Correspondent: Are there specific things that really pissed you off?
Ward: Well, I heard this one woman. She’s from Atlanta too, which is close enough. It’s six hours away from where I live. And she said that the reason that Hurricane Katrina had hit us and done so much damage is because we were sinful. That we were in a sinful place. Like, for her, it was very much about — you know, she was approaching it from a religious standpoint.
Correspondent: The Pat Robertson-like charge.
Correspondent: “Well, they brought it onto themselves.”
Ward: Yeah. So we deserved it because of our proclivity for gambling and drinking and all the rest. And then other people that I encountered said that, one, they couldn’t understand why people stayed. Why people would stay and try to survive a hurricane like that. And, two, that they didn’t understand why people would return and try to rebuild. Because what’s the point if global warming just means that there are going to be more storms, there are going to be just as powerful as Katrina and more of them are going to hit that part of the United States. And that comment really made me angry. Because that person was from L.A.
Ward: That person was from California, which has its own.
Correspondent: These bicoastal buffoons.
Ward: So I just heard commentary like that. And it just made me really angry. And I wanted to counter those. I really felt that our voices were absent from that. Especially that conversation. You had what’s her name. It’s Bush’s mother. Remember when she said that crazy stuff?
Correspondent: Barbara Bush.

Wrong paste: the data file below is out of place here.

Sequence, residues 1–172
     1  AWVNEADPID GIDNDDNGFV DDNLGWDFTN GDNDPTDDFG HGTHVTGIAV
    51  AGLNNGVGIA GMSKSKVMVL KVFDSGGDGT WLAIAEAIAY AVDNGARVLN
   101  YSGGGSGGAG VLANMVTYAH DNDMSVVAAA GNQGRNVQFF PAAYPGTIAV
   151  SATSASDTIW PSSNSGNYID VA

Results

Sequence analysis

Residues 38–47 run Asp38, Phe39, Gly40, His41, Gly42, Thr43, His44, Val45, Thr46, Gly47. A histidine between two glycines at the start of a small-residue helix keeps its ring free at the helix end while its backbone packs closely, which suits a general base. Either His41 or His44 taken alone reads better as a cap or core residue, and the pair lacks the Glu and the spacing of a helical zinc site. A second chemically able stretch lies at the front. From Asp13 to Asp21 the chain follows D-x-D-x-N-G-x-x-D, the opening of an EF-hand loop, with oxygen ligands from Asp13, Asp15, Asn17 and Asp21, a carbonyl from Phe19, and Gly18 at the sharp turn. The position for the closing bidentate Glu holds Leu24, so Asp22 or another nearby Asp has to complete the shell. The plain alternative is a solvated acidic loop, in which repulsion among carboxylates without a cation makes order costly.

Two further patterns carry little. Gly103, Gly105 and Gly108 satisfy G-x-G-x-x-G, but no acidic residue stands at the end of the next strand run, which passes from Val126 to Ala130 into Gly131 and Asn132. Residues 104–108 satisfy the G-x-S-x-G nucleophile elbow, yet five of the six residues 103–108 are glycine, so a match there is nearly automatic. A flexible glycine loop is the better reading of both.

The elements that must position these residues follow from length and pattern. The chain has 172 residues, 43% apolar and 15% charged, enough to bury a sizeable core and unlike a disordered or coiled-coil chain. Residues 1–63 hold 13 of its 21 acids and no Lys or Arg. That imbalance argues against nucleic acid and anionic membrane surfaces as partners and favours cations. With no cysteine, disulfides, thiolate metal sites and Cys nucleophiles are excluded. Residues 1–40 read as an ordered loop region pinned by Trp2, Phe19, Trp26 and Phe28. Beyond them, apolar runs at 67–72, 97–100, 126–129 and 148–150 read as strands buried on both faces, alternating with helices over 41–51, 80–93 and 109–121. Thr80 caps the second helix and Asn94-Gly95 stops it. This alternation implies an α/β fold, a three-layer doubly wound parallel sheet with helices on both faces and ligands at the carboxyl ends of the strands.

Ward: Yeah. About the people from New Orleans. Like this was like a vacation for them. Because they got to go ahead and stay in the Astrodome. Like really? Are you serious? Just so far removed from the reality of these people’s lives and their struggles. Just so far removed. Comments like that just made me realize how, when people said them, it’s like they didn’t recognize our humanity at all. And that really made me angry, and made me want to address Hurricane Katrina in the book.
Correspondent: Well, this seems as good a time as any to confess to you, Jesmyn, that at the point where they are scrambling for their boiled eggs and their packages of ramen, and there is of course the depiction of the carton of bones in the fridge — and then they say, “Oh, well, FEMA and Red Cross will help us out.” At that point, I thought I had a maximum level of anger towards Bush and Brown. And then I read that. And I became even more furious towards them.
Correspondent: And you’re talking here about anger. And you’re talking about it in a very calm manner. And this book is extremely focused, I would say. So what did you do to not get so caught up in this understandably furious impulse and actually focus in on the book? Was it really the inner life of these characters that was enough for you to counter any socioeconomic, political responsive bullshit?
Ward: I think so. Because I feel that my book will fail if my characters are not alive on the page. There have been great novels of ideas, right? But, for me, the kind of writer that I am, I can’t write those novels. And I don’t think that they would be successful novels.
Correspondent: Why do you think you can’t write a novel of ideas? Or that the ideas are best represented in the environment that you set down?
Ward: I don’t know. It’s just not my style. What comes naturally to me is telling a story that’s invested in people and in the characters, and making them live on the page.